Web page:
W O R L D Confessions of a Terrorist Author Gerald Posner claims an al-Qaeda leader made
explosive allegations while under interrogation By JOHANNA MCGEARY
Sunday, Aug. 31, 2003 By March 2002,
the terrorist called Abu Zubaydah was one of the most wanted men on
earth. A leading member of Osama bin Laden's brain trust, he is
thought to have been in operational control of al-Qaeda's millennium
bomb plots as well as the attack on the U.S.S. Cole in October 2000.
After the spectacular success of the airliner assaults on the U.S.
on Sept. 11, 2001, he continued to devise terrorist plans.
Seventeen months ago, the U.S. finally grabbed Zubaydah in
Pakistan and has kept him locked up in a secret location ever since.
His name has probably faded from most memories. It's about to get
back in the news. A new book by Gerald Posner says Zubaydah has made
startling revelations about secret connections linking Saudi Arabia,
Pakistan and bin Laden.
Details of that terrorism triangle form the explosive final
chapter in Posner's examination of who did what wrong before Sept.
11. Most of his new book, Why America Slept(Random House),
is a lean, lucid retelling of how the CIA, FBI and U.S. leaders
missed a decade's worth of clues and opportunities that if heeded,
Posner argues, might have forestalled the 9/11 terrorist attacks.
Posner is an old hand at revisiting conspiracy theories. He wrote
controversial assessments dismissing those surrounding the J.F.K.
and Martin Luther King Jr. assassinations. And the Berkeley-educated
lawyer is adept at marshaling an unwieldy mass of information—most
of his sources are other books and news stories—into a pattern made
tidy and linear by hindsight. His indictment of U.S. intelligence
and law-enforcement agencies covers well-trodden ground, though
sometimes the might-have-beens and could-have-seens are stretched
thin. The stuff that is going to spark hot debate is Chapter 19, an
account—based on Zubaydah's claims as told to Posner by "two
government sources" who are unnamed but "in a position to know"—of
what two countries allied to the U.S. did to build up al-Qaeda and
what they knew before that September day.
Zubaydah's capture and interrogation, told in a gripping
narrative that reads like a techno-thriller, did not just take down
one of al-Qaeda's most wanted operatives but also unexpectedly
provided what one U.S. investigator told Posner was "the Rosetta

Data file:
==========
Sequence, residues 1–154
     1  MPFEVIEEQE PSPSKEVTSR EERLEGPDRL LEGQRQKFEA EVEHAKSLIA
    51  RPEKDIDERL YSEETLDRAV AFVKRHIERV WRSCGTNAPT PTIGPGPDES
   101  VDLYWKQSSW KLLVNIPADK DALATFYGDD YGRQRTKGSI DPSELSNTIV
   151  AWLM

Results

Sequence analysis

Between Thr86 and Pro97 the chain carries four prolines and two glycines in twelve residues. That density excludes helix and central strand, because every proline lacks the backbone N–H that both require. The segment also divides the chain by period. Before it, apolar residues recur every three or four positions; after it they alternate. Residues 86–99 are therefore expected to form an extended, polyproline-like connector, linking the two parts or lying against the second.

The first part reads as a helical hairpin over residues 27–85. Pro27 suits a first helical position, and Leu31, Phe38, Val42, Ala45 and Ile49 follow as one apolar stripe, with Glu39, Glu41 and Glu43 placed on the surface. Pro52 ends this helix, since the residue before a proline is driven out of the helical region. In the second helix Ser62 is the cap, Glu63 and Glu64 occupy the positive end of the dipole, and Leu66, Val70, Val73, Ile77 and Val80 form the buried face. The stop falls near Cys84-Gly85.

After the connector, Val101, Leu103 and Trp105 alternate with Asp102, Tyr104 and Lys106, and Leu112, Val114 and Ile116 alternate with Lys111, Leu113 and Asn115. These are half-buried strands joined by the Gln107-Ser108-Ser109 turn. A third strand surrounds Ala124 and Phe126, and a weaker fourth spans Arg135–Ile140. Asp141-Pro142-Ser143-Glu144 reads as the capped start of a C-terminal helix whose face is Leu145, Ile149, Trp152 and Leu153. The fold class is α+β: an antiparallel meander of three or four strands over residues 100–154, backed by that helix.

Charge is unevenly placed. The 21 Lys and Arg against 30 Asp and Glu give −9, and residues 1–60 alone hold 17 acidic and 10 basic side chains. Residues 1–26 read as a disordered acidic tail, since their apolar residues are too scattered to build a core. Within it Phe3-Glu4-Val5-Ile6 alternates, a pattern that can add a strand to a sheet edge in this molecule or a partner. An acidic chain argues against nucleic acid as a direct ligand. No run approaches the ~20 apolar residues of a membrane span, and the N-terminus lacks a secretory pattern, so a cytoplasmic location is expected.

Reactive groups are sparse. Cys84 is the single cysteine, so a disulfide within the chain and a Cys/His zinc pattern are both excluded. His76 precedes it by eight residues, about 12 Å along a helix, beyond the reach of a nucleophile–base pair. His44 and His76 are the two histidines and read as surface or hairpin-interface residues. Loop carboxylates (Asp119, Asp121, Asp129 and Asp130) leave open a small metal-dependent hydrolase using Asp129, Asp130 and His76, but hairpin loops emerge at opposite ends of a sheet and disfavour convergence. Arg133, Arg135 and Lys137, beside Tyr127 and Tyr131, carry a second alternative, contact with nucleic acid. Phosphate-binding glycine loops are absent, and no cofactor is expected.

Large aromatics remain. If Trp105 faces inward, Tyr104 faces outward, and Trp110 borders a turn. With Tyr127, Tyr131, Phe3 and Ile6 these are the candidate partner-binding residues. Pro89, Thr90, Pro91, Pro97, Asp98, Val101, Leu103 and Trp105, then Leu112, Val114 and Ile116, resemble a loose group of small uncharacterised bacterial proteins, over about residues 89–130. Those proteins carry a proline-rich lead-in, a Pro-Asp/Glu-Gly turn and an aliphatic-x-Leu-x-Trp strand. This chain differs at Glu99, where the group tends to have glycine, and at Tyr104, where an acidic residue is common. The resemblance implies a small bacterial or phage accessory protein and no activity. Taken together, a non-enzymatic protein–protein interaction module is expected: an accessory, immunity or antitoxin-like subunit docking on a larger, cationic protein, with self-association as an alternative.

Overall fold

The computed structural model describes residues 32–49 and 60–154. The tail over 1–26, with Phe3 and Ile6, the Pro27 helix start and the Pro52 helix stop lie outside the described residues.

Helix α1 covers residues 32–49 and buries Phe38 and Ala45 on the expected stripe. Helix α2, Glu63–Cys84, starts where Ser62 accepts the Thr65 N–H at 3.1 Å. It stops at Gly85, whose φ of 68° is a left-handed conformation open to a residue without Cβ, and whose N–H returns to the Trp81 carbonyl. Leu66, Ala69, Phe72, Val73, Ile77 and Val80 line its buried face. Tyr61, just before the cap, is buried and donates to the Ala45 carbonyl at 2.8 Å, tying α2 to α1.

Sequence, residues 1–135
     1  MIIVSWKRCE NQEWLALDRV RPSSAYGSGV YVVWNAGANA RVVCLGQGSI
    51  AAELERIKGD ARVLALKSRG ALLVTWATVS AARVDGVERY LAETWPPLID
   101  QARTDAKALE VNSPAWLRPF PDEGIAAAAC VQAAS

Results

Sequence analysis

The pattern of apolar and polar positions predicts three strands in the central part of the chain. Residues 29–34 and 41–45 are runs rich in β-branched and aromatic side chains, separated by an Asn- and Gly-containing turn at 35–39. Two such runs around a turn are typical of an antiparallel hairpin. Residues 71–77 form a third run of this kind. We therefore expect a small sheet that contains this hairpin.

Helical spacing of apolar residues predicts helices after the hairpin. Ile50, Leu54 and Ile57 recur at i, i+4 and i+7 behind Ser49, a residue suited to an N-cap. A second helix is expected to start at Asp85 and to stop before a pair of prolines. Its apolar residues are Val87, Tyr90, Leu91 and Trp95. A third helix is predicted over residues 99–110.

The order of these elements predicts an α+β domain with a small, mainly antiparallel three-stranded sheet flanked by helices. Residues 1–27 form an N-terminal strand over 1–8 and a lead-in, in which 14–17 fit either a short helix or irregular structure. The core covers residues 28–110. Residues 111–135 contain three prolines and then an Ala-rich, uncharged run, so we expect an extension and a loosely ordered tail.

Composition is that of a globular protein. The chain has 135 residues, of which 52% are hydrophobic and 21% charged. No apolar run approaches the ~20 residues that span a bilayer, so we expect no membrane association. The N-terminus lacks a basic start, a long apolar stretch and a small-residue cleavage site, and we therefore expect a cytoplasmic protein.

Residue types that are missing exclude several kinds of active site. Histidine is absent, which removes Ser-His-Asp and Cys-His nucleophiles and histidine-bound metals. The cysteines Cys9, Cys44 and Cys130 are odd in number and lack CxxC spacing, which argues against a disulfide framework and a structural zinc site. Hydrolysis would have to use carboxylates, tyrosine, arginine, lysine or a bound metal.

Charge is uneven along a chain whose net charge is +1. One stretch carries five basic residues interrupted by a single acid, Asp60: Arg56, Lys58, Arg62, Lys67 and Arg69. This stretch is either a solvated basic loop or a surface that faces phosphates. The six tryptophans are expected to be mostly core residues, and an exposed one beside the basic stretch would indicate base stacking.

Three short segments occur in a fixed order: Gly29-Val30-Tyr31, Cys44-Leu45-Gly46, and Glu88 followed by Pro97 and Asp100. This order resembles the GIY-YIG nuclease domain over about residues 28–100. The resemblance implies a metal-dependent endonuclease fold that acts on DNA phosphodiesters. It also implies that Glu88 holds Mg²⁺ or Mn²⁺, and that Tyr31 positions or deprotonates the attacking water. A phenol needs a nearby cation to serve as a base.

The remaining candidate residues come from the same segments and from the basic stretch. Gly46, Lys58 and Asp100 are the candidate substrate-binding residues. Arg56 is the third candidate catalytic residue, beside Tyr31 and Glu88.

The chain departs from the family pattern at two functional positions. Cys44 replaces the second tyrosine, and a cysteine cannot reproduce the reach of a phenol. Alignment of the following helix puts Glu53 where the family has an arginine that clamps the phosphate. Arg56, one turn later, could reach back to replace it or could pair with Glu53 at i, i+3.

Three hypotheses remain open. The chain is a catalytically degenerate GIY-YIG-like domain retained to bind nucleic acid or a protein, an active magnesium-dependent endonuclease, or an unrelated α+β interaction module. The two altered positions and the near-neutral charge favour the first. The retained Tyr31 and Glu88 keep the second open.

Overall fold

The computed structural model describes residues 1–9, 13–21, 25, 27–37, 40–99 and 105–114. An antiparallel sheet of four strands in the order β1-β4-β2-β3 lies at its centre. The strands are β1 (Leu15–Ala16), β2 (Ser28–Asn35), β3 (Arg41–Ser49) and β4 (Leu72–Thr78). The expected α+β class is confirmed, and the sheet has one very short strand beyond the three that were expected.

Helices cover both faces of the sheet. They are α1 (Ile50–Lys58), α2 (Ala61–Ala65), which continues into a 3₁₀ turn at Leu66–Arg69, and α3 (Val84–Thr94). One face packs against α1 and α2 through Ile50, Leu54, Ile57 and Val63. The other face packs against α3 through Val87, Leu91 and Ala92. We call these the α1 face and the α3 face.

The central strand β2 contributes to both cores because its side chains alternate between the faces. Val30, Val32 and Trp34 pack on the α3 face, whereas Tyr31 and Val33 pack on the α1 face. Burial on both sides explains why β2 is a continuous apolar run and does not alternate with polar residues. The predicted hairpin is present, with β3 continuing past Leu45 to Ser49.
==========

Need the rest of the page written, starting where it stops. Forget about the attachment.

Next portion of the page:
stone of 9/11 ... the details of what (Zubaydah) claimed was his
'work' for senior Saudi and Pakistani officials." The tale begins at
2 a.m. on March 28, 2002, when U.S. surveillance pinpointed Zubaydah
in a two-story safe house in Pakistan. Commandos rousted out 62
suspects, one of whom was seriously wounded while trying to flee. A
Pakistani intelligence officer hastily made voiceprints and quickly
identified the injured man as Zubaydah.
Posner elaborates in startling detail how U.S. interrogators used
drugs—an unnamed "quick-on, quick-off" painkiller and Sodium
Pentothal, the old movie truth serum—in a chemical version of reward
and punishment to make Zubaydah talk. When questioning stalled,
according to Posner, cia men flew Zubaydah to an Afghan complex
fitted out as a fake Saudi jail chamber, where "two Arab-Americans,
now with Special Forces," pretending to be Saudi inquisitors, used
drugs and threats to scare him into more confessions.
Yet when Zubaydah was confronted by the false Saudis, writes
Posner, "his reaction was not fear, but utter relief." Happy to see
them, he reeled off telephone numbers for a senior member of the
royal family who would, said Zubaydah, "tell you what to do." The
man at the other end would be Prince Ahmed bin Salman bin Abdul
Aziz, a Westernized nephew of King Fahd's and a publisher better
known as a racehorse owner. His horse "War-Emblem" won the
Kentucky Derby in 2002. To the amazement of the U.S., the numbers
proved valid. When the fake inquisitors accused Zubaydah of lying,
he responded with a 10-minute monologue laying out the
Saudi-Pakistani-bin Laden triangle.
Zubaydah, writes Posner, said the Saudi connection ran through
Prince Turki al-Faisal bin Abdul Aziz, the kingdom's longtime
intelligence chief. Zubaydah said bin Laden "personally" told him of
a 1991 meeting at which Turki agreed to let bin Laden leave Saudi
Arabia and to provide him with secret funds as long as al-Qaeda
refrained from promoting jihad in the kingdom. The Pakistani
contact, high-ranking air force officer Mushaf Ali Mir, entered the
equation, Zubaydah said, at a 1996 meeting in Pakistan also attended
by Zubaydah. Bin Laden struck a deal with Mir, then in the military
but tied closely to Islamists in Pakistan's Inter-Services
Intelligence (isi), to get protection, arms and supplies for
al-Qaeda. Zubaydah told interrogators bin Laden said the arrangement
was "blessed by the Saudis."
Zubaydah said he attended a third meeting in Kandahar in 1998
with Turki, senior isi agents and Taliban officials. There Turki